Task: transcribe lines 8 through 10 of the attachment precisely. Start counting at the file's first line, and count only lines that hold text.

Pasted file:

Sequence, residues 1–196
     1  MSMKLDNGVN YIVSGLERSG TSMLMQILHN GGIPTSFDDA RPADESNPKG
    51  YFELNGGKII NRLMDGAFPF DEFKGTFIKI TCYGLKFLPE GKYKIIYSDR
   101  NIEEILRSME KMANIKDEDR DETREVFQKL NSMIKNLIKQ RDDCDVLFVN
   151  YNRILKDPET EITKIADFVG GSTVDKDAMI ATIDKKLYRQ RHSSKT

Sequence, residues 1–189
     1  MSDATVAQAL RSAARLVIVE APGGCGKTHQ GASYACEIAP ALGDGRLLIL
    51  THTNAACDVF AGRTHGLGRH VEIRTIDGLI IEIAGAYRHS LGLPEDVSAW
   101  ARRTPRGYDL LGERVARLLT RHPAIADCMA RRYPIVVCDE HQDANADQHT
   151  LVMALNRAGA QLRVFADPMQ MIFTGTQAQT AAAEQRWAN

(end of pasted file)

    51  THTNAACDVF AGRTHGLGRH VEIRTIDGLI IEIAGAYRHS LGLPEDVSAW
   101  ARRTPRGYDL LGERVARLLT RHPAIADCMA RRYPIVVCDE HQDANADQHT
   151  LVMALNRAGA QLRVFADPMQ MIFTGTQAQT AAAEQRWAN